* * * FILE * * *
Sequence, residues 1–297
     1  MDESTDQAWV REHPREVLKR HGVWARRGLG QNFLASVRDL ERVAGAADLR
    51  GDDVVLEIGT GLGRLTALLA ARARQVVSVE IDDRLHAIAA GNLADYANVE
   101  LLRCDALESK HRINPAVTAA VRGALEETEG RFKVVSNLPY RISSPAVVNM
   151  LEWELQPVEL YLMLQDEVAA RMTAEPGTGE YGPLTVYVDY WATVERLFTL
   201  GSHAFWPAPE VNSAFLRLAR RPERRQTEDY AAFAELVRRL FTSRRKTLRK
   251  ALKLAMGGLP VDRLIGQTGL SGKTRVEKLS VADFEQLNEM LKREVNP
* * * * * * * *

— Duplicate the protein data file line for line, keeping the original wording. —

Sequence, residues 1–297
     1  MDESTDQAWV REHPREVLKR HGVWARRGLG QNFLASVRDL ERVAGAADLR
    51  GDDVVLEIGT GLGRLTALLA ARARQVVSVE IDDRLHAIAA GNLADYANVE
   101  LLRCDALESK HRINPAVTAA VRGALEETEG RFKVVSNLPY RISSPAVVNM
   151  LEWELQPVEL YLMLQDEVAA RMTAEPGTGE YGPLTVYVDY WATVERLFTL
   201  GSHAFWPAPE VNSAFLRLAR RPERRQTEDY AAFAELVRRL FTSRRKTLRK
   251  ALKLAMGGLP VDRLIGQTGL SGKTRVEKLS VADFEQLNEM LKREVNP